China's pre-emptive strike against Google

Remember the white paper on internet censorship the Chinese dropped last week?
 
It didn’t say anything we hadn’t heard many times before. 
 
China loved the net, its huge internet population enjoyed freedom of expression online, but needed to set certain rules in the name of “state security.”
 
What it didn’t explain was why it suddenly felt the need to put all this in writing.
 
But with Google confirming that it is pushing ahead with a WTO case against Chinese censorship, it is looking like an early shot in a very long war.
 
Reuters reports that Robert Boorstin, Google's director of corporate and policy communications, told a conference last week the company is working with the US Trade Representative, the State and Commerce departments and the EU on a case that argues that censorship is a trade barrier.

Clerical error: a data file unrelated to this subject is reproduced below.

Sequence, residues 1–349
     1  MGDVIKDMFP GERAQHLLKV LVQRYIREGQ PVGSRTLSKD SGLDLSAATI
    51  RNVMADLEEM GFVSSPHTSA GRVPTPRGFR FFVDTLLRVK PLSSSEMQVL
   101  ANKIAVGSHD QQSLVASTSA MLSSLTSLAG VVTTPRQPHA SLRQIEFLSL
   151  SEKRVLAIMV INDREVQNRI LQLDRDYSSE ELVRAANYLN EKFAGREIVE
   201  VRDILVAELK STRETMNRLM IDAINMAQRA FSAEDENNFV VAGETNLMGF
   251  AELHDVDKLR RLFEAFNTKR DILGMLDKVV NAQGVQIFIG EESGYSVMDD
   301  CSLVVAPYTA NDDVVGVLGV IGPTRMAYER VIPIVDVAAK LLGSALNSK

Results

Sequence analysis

Google aimed to show that censorship resulted in fewer search pages, limiting the capacity of the company to compete fully against China's Baidu, Boorstin said.
 
But he warned that the complaint, which would be the first of its kind in the WTO, was in its early stages.
 
“I would not be looking for a conclusion in the near future.”
 
European Commission vice-president Neelie Kroes said last month that China’s censorship was a trade barrier and should be investigated by the WTO.

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